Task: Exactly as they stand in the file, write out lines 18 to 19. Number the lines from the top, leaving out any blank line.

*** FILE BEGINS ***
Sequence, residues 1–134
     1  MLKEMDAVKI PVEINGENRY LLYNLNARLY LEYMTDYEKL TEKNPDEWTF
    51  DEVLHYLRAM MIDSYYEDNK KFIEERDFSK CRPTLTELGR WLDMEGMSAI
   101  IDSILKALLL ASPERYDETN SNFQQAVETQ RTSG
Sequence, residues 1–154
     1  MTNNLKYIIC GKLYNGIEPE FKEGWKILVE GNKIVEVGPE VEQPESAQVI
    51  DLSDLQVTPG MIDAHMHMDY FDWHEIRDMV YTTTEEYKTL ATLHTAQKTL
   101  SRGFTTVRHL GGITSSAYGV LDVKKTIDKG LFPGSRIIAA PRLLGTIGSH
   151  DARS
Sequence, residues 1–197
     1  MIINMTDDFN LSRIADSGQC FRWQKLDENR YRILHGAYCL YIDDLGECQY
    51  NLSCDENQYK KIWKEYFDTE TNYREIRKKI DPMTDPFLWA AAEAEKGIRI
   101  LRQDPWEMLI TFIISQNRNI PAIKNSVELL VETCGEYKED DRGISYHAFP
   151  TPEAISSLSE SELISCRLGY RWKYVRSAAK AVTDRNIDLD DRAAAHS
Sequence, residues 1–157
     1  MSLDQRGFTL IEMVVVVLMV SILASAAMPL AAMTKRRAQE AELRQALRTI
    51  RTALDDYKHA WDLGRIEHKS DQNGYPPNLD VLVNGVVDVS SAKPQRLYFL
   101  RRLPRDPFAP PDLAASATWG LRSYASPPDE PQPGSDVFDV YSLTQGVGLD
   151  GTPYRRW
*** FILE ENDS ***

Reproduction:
   101  RRLPRDPFAP PDLAASATWG LRSYASPPDE PQPGSDVFDV YSLTQGVGLD
   151  GTPYRRW